Processing food for canning – how to can tomatoes without waste
Stop me if you’ve been here – you have a big pile of gorgeous produce and you’re going to turn it into jars and jars of food. Sounds good, right? You envision shelves full of canned tomatoes or sauce. You think surely the 25 pound box of tomatoes you just bought at the farm stand will help you fill those shelves. And then you spend hours peeling, coring, chopping, simmering, etc only to end up with….three quarts of sauce or a few pints crushed tomatoes.
Where did those pounds and pounds of tomatoes go?! The answer is (likely) that most of their mass ended up evaporated. Now it’s a fact that even denser paste tomatoes have a lot of water. So even with super efficient processing, 25 pounds of tomatoes isn’t going to yield 25 pounds of sauce or crushed maters. But here’s one way to process those tomatoes and capture as much of their goodness as possible. These tips will help you see how to can tomatoes without waste or at least with less waste.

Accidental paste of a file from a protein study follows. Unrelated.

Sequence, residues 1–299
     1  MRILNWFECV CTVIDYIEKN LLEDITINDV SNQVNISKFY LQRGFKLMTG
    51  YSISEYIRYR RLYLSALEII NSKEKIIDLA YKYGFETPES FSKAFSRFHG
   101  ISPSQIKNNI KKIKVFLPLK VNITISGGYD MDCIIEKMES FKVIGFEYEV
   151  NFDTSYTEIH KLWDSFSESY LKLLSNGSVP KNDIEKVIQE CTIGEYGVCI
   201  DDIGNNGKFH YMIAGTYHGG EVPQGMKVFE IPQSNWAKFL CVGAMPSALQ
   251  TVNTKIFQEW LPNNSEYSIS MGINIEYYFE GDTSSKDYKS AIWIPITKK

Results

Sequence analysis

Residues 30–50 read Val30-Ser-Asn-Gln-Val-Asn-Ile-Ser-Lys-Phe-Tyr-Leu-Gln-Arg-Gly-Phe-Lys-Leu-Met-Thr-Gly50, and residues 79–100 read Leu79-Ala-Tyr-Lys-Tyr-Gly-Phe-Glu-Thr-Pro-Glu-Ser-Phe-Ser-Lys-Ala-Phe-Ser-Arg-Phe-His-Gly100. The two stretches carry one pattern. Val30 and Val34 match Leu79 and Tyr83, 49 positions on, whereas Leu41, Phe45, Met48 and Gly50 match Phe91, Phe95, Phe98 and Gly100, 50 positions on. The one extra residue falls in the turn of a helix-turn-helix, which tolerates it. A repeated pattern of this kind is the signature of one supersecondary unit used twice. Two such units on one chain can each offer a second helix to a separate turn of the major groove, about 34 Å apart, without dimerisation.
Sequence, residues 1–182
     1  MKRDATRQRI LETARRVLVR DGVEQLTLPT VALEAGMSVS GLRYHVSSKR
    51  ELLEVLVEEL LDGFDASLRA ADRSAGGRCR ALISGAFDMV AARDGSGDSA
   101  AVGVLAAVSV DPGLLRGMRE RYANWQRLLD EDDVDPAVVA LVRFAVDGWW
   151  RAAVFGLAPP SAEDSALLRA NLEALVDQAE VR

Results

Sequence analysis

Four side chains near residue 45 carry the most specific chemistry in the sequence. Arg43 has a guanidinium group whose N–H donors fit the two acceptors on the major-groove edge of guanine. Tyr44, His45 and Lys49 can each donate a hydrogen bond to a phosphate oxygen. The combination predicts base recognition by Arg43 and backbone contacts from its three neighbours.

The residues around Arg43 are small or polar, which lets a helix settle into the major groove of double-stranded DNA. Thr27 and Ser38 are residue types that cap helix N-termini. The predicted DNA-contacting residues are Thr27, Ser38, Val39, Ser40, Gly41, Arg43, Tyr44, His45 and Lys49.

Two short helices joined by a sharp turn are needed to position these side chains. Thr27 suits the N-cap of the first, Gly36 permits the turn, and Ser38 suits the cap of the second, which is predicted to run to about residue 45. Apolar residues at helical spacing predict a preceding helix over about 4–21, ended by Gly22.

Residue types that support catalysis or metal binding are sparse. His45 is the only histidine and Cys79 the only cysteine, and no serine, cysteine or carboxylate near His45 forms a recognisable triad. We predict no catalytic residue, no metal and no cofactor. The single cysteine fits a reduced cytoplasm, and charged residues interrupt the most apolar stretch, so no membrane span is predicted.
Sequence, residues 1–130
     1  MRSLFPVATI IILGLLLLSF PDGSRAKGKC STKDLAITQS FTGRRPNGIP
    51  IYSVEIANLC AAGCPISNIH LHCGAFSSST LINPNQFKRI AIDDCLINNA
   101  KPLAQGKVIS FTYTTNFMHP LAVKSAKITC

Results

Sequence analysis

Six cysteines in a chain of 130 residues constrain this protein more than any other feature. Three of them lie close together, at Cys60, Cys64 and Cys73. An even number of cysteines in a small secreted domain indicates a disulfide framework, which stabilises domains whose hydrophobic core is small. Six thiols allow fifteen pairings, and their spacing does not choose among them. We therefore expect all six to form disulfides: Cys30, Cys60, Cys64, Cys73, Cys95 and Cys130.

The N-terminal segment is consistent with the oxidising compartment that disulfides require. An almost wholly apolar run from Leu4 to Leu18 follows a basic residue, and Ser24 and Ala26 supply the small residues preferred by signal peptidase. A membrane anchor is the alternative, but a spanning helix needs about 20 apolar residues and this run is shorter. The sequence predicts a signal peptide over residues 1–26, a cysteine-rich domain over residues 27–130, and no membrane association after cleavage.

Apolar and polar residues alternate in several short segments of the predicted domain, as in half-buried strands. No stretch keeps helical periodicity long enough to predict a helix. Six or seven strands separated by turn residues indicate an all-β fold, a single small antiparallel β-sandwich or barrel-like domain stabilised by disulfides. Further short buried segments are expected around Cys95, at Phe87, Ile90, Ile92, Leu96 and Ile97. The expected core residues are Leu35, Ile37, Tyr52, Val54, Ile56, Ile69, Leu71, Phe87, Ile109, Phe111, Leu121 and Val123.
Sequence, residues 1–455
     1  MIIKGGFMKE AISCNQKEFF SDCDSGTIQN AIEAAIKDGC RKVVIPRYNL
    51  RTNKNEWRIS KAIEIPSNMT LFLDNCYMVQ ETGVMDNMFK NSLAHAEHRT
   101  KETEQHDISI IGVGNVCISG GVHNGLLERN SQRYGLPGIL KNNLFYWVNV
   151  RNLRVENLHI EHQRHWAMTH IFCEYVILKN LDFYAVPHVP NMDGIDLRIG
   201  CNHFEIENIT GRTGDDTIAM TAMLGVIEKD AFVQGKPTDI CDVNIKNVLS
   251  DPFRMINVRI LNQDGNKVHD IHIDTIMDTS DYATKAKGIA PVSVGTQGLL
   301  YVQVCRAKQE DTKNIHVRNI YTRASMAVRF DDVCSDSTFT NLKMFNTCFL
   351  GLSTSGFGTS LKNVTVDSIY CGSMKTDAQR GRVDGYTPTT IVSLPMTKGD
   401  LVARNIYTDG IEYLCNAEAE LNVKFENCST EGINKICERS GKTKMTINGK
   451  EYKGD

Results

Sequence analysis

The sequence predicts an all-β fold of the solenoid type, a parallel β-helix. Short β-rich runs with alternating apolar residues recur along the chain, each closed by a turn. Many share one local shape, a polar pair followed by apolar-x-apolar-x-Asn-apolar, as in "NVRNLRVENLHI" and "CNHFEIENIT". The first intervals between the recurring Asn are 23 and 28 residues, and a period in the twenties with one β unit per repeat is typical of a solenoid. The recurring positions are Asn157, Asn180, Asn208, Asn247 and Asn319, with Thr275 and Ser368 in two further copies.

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How to can tomatoes
First, let’s talk about your options when it comes to canning tomatoes.
Tomatoes can be canned in all the following way (note, I’m not delving into recipes that include tomatoes, like salsa, just tomatoes themselves)
- whole (peeled)
- halved or quartered (peeled)
- crushed or cubed (peeled and cored)
- sauced or pureed (usually peeled, often cored)
- tomato juice
All of these methods are similar. Tomatoes are usually peeled, though it’s not a strict requirement. Peels can be tough or throw off the texture of sauces or other dishes.
Always use clean, ripe tomatoes that have no blemishes or signs of rot. Many people prefer to can paste tomatoes like Romas or Amish Paste because they have more flesh and less juice. But you can use any variety of tomato for canning.
How to add acid for canned tomatoes